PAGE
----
Mr Benjamin Redmond Roche

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Arctic sea ice has significantly declined over the past few decades and is predicted to be ice free by the year 2050. Hosting up to 13% of global undiscovered oil reserves and with potential northern shipping routes decreasing transit time by up to 40%, the race to exploit the Arctic is on. The albedo of sea ice is an important component of the Earth’s climate system and plays a key role in global climate change. The albedo of sea ice is also very sensitive to material that act as light absorbing impurities; whilst the effects of black carbon and atmospheric aerosols have previously been described in literature, the effects of oil pollution have not. What is particularly poorly understood is how oil exists at low concentrations over a large spatiotemporal range in cold environments and what their climatic significance may be. Therefore, the primary aim of this thesis is to parameterise the effect of crude oil pollution on sea ice albedo so that an increasingly polluted Arctic can be included in global climate models. 

The thesis is presented as a joint radiative-transfer modelling and experimental study. The radiative-transfer modelling component utilises a coupled atmosphere snow/sea ice model (TUV-snow) that is capable of calculating radiative-transfer parameters from the top of the atmosphere into surface layers of snow and sea ice. Three different types of sea ice (melting, first-year and, multi-year) are assessed for the sensitivity of their albedo to increasing amounts of crude oil. Previously, the model has successfully been applied for both black carbon and atmospheric aerosols and this is the first time that it is used for crude oil. The experimental component utilises the sea ice simulator based at RHUL, allowing for reflectance measurements of artificial sea ice doped with known concentrations of crude oil. These results are then used to validate the accuracy of the TUV-snow model in predicting the light reflectance and extinction coefficient of sea ice as a function of wavelength at different concentrations of crude oil.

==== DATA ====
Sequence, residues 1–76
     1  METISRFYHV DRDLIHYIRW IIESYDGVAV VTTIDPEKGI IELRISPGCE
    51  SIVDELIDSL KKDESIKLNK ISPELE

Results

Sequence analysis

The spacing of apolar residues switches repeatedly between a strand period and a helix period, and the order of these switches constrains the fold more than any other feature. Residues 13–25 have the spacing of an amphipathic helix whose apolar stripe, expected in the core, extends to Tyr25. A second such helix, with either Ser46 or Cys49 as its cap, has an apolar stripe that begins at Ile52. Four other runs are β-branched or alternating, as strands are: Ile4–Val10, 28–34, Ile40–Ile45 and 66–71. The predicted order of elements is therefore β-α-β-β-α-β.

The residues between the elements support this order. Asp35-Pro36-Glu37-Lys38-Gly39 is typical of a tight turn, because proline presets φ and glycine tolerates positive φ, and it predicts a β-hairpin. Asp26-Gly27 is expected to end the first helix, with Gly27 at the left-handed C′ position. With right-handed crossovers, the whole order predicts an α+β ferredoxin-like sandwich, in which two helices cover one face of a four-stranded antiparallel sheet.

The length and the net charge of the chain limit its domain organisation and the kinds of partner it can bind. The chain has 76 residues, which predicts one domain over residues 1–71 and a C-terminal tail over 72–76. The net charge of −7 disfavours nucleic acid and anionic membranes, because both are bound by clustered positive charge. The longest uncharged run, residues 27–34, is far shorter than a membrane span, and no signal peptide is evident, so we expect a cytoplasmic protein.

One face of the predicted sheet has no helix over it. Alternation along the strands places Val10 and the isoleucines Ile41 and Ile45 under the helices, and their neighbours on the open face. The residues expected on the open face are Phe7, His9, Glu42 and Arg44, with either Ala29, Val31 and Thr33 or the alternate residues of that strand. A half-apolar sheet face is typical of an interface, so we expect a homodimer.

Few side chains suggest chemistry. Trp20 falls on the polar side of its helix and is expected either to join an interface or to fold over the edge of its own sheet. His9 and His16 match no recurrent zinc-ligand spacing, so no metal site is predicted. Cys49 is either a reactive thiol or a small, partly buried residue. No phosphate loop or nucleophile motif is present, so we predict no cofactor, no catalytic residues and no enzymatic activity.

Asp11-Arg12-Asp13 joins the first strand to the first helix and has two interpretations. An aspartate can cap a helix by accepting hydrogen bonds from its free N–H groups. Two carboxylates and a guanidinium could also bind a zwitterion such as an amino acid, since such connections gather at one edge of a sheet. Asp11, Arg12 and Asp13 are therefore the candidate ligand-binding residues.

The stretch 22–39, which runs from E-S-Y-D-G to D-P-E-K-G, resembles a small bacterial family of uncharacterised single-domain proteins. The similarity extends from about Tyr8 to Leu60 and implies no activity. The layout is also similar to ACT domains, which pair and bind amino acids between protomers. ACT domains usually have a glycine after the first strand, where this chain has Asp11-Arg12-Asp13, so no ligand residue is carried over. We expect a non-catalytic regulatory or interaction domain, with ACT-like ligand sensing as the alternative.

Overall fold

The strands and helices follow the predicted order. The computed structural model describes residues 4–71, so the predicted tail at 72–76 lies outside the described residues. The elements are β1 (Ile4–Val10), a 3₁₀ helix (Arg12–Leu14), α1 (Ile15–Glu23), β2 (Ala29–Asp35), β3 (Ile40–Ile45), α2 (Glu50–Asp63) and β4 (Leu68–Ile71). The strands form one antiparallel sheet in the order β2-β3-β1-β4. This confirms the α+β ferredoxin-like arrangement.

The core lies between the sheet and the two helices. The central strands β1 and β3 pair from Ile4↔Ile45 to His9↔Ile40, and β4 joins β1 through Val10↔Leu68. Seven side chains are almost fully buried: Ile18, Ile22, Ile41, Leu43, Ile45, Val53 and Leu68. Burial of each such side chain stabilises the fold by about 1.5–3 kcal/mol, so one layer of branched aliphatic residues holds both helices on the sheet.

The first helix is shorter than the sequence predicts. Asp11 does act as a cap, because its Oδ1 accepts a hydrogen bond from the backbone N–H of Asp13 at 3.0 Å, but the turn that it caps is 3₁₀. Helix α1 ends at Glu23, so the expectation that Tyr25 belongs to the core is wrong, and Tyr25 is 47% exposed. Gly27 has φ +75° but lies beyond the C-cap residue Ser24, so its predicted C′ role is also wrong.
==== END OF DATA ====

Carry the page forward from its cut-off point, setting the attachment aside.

Ultimately, this research provides a quantitative assessment of the climatic effect of crude oil pollution in polar sea ice. I am also interested in the ecology of sea ice ecosystems, particularly how PAR (photosynthetically active radiation) is affected by changes to the ice pack, and continue to collaborate with the ECRU at the University of Helsinki. Additionally, I am learning about the numerous solutions we have to meet the requirements of the energy transition through the training provided by the GeoNetZero CDT.


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